Women in STEM: Balancing the equation


Dr. Wenjin Zhou was one of four women to participate in the Women in STEM panel on Monday, sharing her experience and advice for other women.

Working through the bias

Four OU women discussed the challenges they faced in their science, technology, engineering and math fields on Monday, March 9 as part of a panel hosted by the Women and Gender Studies Program and Women in Science and Engineering at OU (WISE@OU).

The panel opened with Dr. Kathleen Moore, professor emerita of chemistry, former associate dean of the College of Arts and Sciences and director of WISE@OU. She said STEM fields and research have become a national issue, with the greatest concern being about the workforce.

“We need to have a strong STEM workforce to deal with all of the complex issues that will make or break our future,” Moore said.

She has been retired for roughly two years but said she is still involved with the National Science Foundation Advance Program at OU, which is aimed at promoting gender equity in the academic workforce. She and NSF want to address and understand gender-based differences in research and education in STEM fields.

“How rooted are men versus women in their major as an undergraduate and their STEM occupation?”

The questions began almost 50 years ago, she said, when in her first semester a young man told her she was allowed to be excited about anything other than chemistry, as women weren’t good at science. That only further motivated her.

“I was also stunned to realize that I never had a female professor in any of my science or mathematics courses until I was a Ph.D. student, where I had one female professor in biology,” Moore said. “Clearly things have changed — but it’s still a challenge.”

Dr. Amy Banes-Berceli, associate professor of biological sciences, member of the Center for Biomedical Research and director of the biomedical sciences major, discussed studies on gender bias.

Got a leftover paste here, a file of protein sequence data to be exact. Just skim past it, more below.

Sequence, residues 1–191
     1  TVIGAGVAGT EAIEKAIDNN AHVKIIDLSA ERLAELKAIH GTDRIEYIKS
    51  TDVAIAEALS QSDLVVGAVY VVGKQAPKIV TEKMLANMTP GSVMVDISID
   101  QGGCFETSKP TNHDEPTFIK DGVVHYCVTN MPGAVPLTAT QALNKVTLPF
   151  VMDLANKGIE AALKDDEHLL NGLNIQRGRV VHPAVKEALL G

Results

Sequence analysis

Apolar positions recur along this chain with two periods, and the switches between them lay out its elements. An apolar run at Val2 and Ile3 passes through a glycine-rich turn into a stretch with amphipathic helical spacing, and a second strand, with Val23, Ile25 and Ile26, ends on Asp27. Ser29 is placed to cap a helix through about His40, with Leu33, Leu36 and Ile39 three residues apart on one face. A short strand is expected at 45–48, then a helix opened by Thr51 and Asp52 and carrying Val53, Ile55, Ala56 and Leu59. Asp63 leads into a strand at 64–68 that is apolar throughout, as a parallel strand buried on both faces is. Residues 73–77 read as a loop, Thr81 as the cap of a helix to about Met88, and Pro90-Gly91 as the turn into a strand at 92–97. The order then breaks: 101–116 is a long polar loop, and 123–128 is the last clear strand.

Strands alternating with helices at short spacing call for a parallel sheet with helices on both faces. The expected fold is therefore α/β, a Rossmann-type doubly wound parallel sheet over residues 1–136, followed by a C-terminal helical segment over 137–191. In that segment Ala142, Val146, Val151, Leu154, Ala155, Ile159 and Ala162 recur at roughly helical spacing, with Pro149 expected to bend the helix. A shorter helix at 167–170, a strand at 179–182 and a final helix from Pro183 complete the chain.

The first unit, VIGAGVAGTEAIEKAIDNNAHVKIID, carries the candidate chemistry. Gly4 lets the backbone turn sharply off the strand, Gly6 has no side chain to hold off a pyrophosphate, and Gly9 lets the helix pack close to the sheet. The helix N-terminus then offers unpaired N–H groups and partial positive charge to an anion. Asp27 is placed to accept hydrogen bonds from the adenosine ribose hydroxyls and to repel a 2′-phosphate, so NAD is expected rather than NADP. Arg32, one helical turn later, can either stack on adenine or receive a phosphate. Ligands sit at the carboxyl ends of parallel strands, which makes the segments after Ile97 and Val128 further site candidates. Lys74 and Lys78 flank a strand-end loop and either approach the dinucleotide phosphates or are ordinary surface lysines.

One study said women face four hurdles: they have to prove repeatedly that they are qualified and not just lucky; they are seen as too feminine or not feminine enough; they have to deal with the maternal wall of motherhood bias and being told they can’t be mothers and scientists simulaneously; and they face bias in terms of numbers.

 “We haven’t made it through the ranks yet,” Banes-Berceli said.

Another study focused on hiring and revealed that hiring discrimination against females is from both males and other females.

“Women are seen as less competent even when we have the same qualifications as males,” Banes-Berceli said, saying that other studies on teaching evaluations showed men were called “brilliant” and “geniuses” much more often than women.

A lot of it is simply unintentional bias, she said, but the stereotypes exist. The best way to deal with this, she said, is to start with our education. We need to compile facts and data and conduct hard science studies, not just positive anecdotes, to show that women are just as talented as men.

“If we don’t understand what we’re up against it’s hard to deal with,” Banes-Berceli said.

Being yourself was a main theme for Dr. Wenjin Zhou, assistant professor of computer science and engineering.

Zhou, who is a member of the Center for Biomedical Research and faculty coordinator for OU’s women chapter of the Association for Computer Machinery, began by showing pictures of herself growing up in China. She said she was always surrounded by and interested in science and did not feel so much of that male-female bias that prevented her from pursuing it.

She discovered the joy in creating and finding new things through computers, and when she traveled to Iowa to get a degree in computer science, she discovered things were a little different for women in America.

“I didn’t realize I was such a big minority,” until one day she realized that out of the roughly 40 students in her senior computer science classroom, she was one of two women. 

It didn’t stop her, however. She said she had a lot of encouragement and support from teachers and took internships that helped her figure out which way she wanted to go. She went on to teach and got her Ph.D. in computer science at Brown University, then came to OU in 2012. 

There are many things that have inspired her, she said, but the main things she took away and wanted to share with fellow women were to never give up, to start small, to get feedback and listen to what others say and to stay determined no matter what.

Her take home message: “Never give up and be your best self.”

Read next: Paving their own paths — a look at the next generation of women in STEM